DEI owns and operates generation assets throughout the Latin American region, including Brazil (2310 MW), Peru (638 MW), Argentina (523 MW), Guatemala (328 MW), El Salvador (324 MW) and Ecuador (136 MW).
“DEI has really saved our bacon in the first two quarters in terms of hitting our earnings targets” Rogers said. He also confirmed that Duke was not currently entertaining any offers or any discussions with respect to the purchase of the DEI assets.
“They proved this year the value of diversity in earnings streams and have really allowed us to meet our earnings targets because they have successfully stepped up and delivered,” he added.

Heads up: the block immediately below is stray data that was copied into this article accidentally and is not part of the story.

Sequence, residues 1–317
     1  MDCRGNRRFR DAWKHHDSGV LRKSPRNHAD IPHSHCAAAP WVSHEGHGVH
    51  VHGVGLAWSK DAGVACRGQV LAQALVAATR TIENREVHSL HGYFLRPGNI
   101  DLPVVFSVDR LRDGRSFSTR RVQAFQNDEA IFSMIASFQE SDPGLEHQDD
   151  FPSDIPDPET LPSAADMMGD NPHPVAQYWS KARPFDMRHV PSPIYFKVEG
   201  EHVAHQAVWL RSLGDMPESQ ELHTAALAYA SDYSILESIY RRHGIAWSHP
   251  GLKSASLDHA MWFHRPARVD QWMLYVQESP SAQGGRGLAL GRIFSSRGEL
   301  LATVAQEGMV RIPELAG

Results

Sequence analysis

In the second quarter, higher average contract prices in Brazil and higher prices and volumes in Central America helped drive Duke’s international Earning Before Interest and Tax (EBIT), which grew 42.1 per cent to $179m compared to the same quarter last year. Company-wide EBIT reached $857m in April-June this year.
Lynn Good, Duke’s CFO, attributed the Central American growth to a dry season in the region as the company holds significant thermo capacity in El Salvador and Guatemala.
International operating revenue in the period grew 31 per cent to $406m and physical power sales dipped 10.4 per cent to 4.52 TWh.
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